On Saturday, July 14, this year's Midsummer Night Swing season ends on a high note as the Harlem Renaissance Orchestra pays a classic big-band tribute to jazz legend Illinois Jacquet, and, once again, some of the best dancers in the region compete in the Ambassador Prize Lindy Hop Dance Contest, an homage to Lindy hop icon Frankie Manning.

Here, contest judges Margaret Batiuchok, Mercedes Ellington, Lana Turner, Charlie Meade, and Judy Pritchett share their Lindy hop histories, and a few tips for how to shine on the dance floor. Think you've got what it takes? Enter the contest sign up online or in person at the entry gate anytime before 8:00 pm on July 14.


Q. When did you first learn to Lindy hop?

Charlie Meade: The 1940s!

Judy Pritchett: 1985.

Mercedes Ellington: I first learned to Lindy hop at the few birthday parties in my neighborhood that my grandmother would allow me to attend. It was mostly girls dancing with girls, so no "formal" hold positions were used.

Lana Turner: The beginnings start with my father, who loved jazz, and who, with my mother, would frequent popular Harlem social nightspots and ballrooms like the Savoy, Alhambra, and the Renny. The music was ever present in our household and along with it was the Lindy. When I was a little girl of 5 or 6 or 7, my father would have me stand on his shoes as he taught the basics of "swing." This was a time when people routinely danced at home. I came to understand the joy of musicians and dancers taking cues from the other to create and improvise on the heightened excitement of the moment.

Margaret Batiuchok: I had learned swing dancing as a child, and from going out dancing in the 1980s. John Lucchese, a fabulous smooth dancer from the 1940s, showed me the 8-count. Soon after that I met my partner George Lloyd at City Limits, a dance club in Manhattan. George was a "Savoy Ballroom 400 Club" dancer, and in 1983 we were the first interracial couple to enter and win the Harvest Moon Ball at Madison Square Garden. It was the last year they had Lindy Hop as a category. Both John and George are no longer alive, but I try to carry on their style.


Q. What do you love most about the Lindy hop, and Swing dancing in general?

Lana Turner: I love the language of freedom and movement. At once social and personal, there is a public-private conversation between partners. It is the language in motion of what is suggested and the response in turn. Like the music, improvisation on the dance floor can take on the unexpected and fall right into the pocket. Love.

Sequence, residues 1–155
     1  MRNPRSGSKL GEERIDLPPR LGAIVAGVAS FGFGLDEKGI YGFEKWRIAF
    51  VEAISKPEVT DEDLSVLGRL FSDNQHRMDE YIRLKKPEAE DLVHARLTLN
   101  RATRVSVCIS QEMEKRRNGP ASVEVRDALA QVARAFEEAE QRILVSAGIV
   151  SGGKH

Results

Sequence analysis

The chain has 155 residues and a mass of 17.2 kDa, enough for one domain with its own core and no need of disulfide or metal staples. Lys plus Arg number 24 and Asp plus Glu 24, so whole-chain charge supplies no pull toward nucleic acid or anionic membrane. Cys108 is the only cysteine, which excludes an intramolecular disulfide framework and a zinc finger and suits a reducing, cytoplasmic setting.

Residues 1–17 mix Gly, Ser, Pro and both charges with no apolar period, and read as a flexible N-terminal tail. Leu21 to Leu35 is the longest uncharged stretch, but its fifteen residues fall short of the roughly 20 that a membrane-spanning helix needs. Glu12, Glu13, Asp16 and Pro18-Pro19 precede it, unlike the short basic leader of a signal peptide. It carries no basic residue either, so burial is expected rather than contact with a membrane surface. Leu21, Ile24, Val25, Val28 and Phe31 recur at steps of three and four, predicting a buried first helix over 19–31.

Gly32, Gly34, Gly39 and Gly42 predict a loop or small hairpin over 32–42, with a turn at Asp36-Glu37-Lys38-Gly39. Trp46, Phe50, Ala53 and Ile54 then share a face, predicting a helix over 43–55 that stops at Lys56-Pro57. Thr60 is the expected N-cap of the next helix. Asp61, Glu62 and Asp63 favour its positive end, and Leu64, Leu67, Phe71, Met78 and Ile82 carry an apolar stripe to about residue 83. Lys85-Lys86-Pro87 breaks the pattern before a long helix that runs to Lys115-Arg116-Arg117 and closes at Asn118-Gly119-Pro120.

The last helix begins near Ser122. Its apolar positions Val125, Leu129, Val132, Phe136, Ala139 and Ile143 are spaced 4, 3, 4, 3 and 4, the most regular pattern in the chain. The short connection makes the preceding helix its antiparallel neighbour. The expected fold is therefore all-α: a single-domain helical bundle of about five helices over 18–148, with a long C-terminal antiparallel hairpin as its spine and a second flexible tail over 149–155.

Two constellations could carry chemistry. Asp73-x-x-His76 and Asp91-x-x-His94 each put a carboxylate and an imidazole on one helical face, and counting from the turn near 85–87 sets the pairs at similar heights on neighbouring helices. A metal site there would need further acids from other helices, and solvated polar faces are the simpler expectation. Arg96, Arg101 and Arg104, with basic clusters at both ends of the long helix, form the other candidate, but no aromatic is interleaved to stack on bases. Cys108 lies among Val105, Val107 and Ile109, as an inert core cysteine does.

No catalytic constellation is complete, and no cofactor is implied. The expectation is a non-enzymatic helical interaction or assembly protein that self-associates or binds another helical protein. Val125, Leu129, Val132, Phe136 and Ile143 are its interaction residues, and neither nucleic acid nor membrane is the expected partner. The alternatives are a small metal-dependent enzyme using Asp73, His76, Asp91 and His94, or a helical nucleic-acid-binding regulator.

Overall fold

Charlie Meade: Two people dancing together and enjoying the same rhythm.

Margaret Batiuchok: How everyone can develop their own style of dancing. It's creative. I love to see new dancers come in and do it their way. What worries me is when I see people copying everyone else and trying to all do it the same way, even though there are basic steps that must be maintained in order to call it Lindy hop.

Judy Pritchett: It's an energetic and happy dance.

Mercedes Ellington: The music and the use of live big bands, and the interplay between the dancers and the musicians, along with the rhythmic moves they inspire.


Q. What's the most important thing (or top three things) you like to see in Lindy hop?

Judy Pritchett: A good swingout, musicality, and a connection between partners.

Mercedes Ellington: I look for ease of interplay between partners; improvisational timing and unexpected combinations of established vocabulary.

Charlie Meade: Style, rhythm, and being on time.

Margaret Batiuchok: Fun, total involvement in the music and movement—which, even if raw, gives a natural style and grace—and partnering.

Lana Turner: I look for people having fun! In this way it does not matter to me if people have danced many years or are just beginning. I love and look for smiles, laughter, creative phrasing, and beauty in movement.


Q. Any tips or advice for people who are new to Swing?

Mercedes Ellington: Anyone new to the art form should research the historical background of both the music and the dance. "Jazz" is America's folk music. Swing, Jive, Lindy—America's folk dance.

Lana Turner: Listen to the music. What would you do with phrasing? Find out the story behind favorite songs. Who wrote the tunes? Read Swingin' at the Savoy: The Memoir of a Jazz Dancer, by Norma Miller and Evette Jensen; and Frankie Manning: Ambassador of Lindy Hop, by Frankie Manning and Cynthia R. Millman. Go hear live music. Dance as often as you can and don't forget to have fun. Smile and laugh out loud!

Margaret Batiuchok: Have fun! And dance with everyone on the floor. Be inspired by others, and be courteous and nice. Know your body's limitations and who's around you so you don't crash into others while having fun. It's a social dance, and a great way make friends.

Judy Pritchett: Listen to lots of original swing music, and listen really well to the music you're dancing to.

Charlie Meade: Have fun!


Eileen Willis is Editorial Director at Lincoln Center for the Performing Arts.